My First Design to Code

That title almost reads like the websites we’re creating, like some sort of building, must met some specific code, as in a set of mandatory rules that must be met and adhered to in order to get to have people live in whatever we wind up with. Looking at the quality of most of the web, we know that those kinds of mandatory standards don’t apply to what you’re allowed to unleash on the web although they should.

But good web design, like good buildings, require a plan and this assignment had us code a web page based on a detailed mockup, that is, a plan.  Designed to simulate what I expect would be required of us working as web developers in the “real” work world,  we had to write the code to render the static graphic representation we were given into an interactive webpage. In effect, we went from design to code.

Although I wish otherwise, I’m not a graphic designer. Don’t have the skills, don’t have the knowledge of the programs they use. So it was an awkward and frustrating start to the assignment trying to figure out how to find the information I needed from the mockup in order to get my web page to render exactly what I was given.

At one point, I was struggling to try to get my fonts to render like they appeared in the mock-up in Adobe Illustrator until my instructor kindly pointed out that I hadn’t loaded the fonts we were given into the font book and so Ai was replacing them with a different font. Oh…I thought we had been given the font files to generate the stylesheets to include in the source code for our page. Oops! That bit of information also explained why the headings and text all had a pink background to them.  I thought it was an odd element to include in the design.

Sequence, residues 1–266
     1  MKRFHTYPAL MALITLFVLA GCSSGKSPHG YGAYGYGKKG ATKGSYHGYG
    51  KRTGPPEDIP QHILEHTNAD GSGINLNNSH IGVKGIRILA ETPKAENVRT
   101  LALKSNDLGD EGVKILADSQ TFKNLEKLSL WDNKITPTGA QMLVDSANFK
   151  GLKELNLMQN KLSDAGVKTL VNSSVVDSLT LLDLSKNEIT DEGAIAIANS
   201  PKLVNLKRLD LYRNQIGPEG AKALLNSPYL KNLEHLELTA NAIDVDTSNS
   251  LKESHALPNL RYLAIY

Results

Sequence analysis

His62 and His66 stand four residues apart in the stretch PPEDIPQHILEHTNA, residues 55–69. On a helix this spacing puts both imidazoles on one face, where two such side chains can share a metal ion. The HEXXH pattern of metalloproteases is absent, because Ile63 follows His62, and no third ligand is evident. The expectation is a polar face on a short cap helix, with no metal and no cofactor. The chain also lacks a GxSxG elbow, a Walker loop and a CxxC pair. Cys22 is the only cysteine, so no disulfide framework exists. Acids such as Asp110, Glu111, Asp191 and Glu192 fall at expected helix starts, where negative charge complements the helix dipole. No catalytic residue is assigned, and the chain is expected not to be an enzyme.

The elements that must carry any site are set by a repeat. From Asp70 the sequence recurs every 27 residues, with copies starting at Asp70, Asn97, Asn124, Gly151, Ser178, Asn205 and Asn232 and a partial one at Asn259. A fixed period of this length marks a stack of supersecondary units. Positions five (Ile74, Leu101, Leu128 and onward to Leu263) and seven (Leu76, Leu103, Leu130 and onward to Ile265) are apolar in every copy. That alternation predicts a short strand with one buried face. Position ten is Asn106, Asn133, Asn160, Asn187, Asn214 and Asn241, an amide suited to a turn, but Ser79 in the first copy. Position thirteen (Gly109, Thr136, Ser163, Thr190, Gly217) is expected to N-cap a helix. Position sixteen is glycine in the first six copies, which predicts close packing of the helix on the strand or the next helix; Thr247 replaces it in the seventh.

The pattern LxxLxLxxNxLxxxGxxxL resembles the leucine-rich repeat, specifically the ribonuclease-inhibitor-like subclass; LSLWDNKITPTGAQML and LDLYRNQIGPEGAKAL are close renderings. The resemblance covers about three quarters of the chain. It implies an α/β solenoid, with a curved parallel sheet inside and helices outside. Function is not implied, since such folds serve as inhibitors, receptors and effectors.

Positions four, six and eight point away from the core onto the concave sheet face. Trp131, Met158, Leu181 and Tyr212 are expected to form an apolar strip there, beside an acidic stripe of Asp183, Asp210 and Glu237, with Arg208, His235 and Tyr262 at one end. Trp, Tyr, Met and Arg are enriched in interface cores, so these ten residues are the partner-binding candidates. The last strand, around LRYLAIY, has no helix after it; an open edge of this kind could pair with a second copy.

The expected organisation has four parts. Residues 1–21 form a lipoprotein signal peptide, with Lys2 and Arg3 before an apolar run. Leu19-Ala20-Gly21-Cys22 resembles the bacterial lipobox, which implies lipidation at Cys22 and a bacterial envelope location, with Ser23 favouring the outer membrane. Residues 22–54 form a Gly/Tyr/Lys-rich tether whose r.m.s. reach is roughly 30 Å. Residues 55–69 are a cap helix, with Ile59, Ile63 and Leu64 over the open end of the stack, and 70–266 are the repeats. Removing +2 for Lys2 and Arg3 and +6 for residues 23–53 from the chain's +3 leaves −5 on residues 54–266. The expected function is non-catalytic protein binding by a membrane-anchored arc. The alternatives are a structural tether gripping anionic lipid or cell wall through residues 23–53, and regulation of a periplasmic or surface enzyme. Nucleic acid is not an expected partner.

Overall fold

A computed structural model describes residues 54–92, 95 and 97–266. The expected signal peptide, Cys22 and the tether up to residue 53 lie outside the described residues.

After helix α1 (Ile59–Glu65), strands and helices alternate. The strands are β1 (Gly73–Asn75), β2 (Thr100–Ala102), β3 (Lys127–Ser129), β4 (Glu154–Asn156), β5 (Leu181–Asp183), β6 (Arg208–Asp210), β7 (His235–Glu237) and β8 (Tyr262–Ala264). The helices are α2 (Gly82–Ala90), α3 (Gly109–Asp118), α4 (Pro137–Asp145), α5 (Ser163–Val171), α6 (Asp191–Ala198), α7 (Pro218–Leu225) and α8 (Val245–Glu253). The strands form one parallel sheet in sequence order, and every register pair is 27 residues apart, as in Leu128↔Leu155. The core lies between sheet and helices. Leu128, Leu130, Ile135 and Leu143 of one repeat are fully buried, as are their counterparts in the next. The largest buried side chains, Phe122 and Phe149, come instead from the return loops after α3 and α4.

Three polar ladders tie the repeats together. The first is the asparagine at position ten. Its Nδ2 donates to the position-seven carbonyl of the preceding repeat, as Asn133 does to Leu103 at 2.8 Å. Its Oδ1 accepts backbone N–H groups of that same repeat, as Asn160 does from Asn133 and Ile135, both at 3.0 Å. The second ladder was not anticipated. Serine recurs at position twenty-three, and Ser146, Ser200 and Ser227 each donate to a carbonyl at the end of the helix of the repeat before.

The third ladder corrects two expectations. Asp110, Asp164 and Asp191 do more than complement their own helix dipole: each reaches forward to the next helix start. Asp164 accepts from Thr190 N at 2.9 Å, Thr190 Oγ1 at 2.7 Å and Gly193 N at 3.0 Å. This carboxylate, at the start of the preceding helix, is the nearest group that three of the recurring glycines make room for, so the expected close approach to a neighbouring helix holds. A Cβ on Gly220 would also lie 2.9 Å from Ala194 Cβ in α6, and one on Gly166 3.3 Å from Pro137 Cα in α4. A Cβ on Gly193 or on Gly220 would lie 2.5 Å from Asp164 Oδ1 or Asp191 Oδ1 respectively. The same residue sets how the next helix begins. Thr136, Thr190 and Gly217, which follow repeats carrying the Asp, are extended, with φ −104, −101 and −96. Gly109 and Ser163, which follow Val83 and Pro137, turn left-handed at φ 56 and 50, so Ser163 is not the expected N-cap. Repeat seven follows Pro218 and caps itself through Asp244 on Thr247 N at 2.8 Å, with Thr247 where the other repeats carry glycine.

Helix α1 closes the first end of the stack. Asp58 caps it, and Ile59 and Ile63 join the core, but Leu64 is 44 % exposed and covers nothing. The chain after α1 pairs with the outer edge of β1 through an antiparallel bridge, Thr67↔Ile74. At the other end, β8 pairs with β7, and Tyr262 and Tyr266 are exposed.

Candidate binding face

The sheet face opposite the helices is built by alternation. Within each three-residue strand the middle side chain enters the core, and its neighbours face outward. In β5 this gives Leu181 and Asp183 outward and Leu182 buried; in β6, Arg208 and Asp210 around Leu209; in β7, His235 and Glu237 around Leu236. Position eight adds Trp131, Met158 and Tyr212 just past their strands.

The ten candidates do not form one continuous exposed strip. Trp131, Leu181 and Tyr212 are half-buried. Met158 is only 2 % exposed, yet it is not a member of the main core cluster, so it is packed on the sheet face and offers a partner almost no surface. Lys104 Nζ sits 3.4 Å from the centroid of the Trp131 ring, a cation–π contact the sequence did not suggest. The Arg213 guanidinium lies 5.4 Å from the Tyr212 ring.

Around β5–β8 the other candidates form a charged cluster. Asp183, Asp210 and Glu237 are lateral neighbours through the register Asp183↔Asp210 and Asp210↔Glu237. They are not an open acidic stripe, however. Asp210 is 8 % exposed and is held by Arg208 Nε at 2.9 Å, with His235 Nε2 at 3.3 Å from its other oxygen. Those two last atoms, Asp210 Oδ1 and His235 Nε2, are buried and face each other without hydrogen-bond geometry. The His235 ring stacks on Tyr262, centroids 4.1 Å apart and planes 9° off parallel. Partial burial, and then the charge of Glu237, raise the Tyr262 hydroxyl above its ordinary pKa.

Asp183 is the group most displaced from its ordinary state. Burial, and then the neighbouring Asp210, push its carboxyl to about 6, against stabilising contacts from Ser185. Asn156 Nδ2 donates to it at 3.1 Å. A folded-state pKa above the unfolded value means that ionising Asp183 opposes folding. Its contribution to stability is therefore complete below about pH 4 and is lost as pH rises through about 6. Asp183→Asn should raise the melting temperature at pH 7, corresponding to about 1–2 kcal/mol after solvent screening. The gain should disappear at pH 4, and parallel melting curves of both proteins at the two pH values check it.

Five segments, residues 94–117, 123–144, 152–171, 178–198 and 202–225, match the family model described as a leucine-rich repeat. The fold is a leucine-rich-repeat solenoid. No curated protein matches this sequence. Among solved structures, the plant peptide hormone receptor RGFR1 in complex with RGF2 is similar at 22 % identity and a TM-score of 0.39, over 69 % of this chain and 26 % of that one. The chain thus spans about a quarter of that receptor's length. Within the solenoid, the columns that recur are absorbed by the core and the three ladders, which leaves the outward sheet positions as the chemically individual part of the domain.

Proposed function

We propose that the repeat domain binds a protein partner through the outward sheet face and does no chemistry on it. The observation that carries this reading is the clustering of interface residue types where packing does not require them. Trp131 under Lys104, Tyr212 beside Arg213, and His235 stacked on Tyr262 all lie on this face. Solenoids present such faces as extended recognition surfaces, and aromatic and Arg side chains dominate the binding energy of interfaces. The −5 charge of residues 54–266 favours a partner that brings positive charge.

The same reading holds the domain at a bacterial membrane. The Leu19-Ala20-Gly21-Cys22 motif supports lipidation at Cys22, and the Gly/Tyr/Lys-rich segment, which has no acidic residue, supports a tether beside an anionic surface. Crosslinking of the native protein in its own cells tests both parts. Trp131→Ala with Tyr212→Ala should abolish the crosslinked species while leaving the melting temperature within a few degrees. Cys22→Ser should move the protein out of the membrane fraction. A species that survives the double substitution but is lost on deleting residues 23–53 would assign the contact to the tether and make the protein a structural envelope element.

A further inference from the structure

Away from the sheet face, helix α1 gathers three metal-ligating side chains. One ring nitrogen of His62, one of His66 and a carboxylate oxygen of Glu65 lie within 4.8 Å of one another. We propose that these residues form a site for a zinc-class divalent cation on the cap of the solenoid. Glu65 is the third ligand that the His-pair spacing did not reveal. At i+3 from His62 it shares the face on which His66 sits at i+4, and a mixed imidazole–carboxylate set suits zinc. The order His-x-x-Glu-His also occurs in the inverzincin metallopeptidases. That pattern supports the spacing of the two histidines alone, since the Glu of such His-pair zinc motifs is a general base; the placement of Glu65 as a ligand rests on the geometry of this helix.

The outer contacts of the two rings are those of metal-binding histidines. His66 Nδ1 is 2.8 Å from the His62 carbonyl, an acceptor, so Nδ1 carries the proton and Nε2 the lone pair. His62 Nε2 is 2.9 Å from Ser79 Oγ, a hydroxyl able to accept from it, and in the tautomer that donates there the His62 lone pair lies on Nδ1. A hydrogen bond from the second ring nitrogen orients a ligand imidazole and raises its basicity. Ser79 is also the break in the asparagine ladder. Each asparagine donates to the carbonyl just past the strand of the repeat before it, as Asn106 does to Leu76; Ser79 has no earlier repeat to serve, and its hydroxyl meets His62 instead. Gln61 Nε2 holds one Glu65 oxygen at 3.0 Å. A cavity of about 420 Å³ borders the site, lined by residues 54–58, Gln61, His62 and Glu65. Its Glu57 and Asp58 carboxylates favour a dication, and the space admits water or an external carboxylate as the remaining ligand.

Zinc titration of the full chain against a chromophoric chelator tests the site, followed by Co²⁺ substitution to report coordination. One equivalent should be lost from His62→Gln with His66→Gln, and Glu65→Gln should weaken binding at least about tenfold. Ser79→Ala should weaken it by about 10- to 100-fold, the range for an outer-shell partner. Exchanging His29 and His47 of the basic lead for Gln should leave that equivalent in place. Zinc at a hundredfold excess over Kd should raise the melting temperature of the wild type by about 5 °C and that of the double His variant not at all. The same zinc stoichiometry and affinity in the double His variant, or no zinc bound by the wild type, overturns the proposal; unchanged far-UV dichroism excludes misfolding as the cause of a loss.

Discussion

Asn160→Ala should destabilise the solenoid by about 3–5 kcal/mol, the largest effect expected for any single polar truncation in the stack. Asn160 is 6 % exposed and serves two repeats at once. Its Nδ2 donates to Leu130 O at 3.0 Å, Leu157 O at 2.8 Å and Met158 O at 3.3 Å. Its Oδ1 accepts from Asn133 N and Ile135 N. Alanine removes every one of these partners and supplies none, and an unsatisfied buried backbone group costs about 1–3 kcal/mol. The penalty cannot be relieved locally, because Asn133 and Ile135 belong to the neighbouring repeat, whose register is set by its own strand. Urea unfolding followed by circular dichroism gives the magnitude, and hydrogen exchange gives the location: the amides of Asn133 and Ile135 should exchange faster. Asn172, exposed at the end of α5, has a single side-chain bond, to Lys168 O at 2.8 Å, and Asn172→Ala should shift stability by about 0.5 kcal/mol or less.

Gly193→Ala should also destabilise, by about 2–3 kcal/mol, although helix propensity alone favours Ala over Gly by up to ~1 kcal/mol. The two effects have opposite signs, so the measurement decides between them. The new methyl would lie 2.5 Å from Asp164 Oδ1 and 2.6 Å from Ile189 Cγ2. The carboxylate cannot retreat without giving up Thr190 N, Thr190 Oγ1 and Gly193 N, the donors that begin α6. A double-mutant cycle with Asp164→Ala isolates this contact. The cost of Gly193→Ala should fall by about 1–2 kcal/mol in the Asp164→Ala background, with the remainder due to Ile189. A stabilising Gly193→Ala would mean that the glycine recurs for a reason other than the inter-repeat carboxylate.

So, I regrouped and started again. In answering a set of questions we were given as part of the assignment, I found them to be a very helpful, systematic way to extract all the information I needed in order to write exact and effective code. And, when I finished, it was oddly satisfying to see the web page render in the browser just like it was designed to look. Okay, the responsive version may be a wee bit buggy, but the desktop site is a vision! And it’s someone else’s vision. It feels good to know that given a design, I can code it.


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